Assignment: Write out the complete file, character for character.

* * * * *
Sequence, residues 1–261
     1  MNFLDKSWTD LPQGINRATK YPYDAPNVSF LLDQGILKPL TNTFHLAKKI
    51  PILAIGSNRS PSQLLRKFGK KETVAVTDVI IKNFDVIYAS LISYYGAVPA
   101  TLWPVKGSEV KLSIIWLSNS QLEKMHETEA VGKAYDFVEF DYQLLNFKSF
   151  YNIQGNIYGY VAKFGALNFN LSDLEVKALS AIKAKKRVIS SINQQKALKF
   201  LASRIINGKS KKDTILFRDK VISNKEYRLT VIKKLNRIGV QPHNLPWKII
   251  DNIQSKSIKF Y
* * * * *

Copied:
Sequence, residues 1–261
     1  MNFLDKSWTD LPQGINRATK YPYDAPNVSF LLDQGILKPL TNTFHLAKKI
    51  PILAIGSNRS PSQLLRKFGK KETVAVTDVI IKNFDVIYAS LISYYGAVPA
   101  TLWPVKGSEV KLSIIWLSNS QLEKMHETEA VGKAYDFVEF DYQLLNFKSF
   151  YNIQGNIYGY VAKFGALNFN LSDLEVKALS AIKAKKRVIS SINQQKALKF
   201  LASRIINGKS KKDTILFRDK VISNKEYRLT VIKKLNRIGV QPHNLPWKII
   251  DNIQSKSIKF Y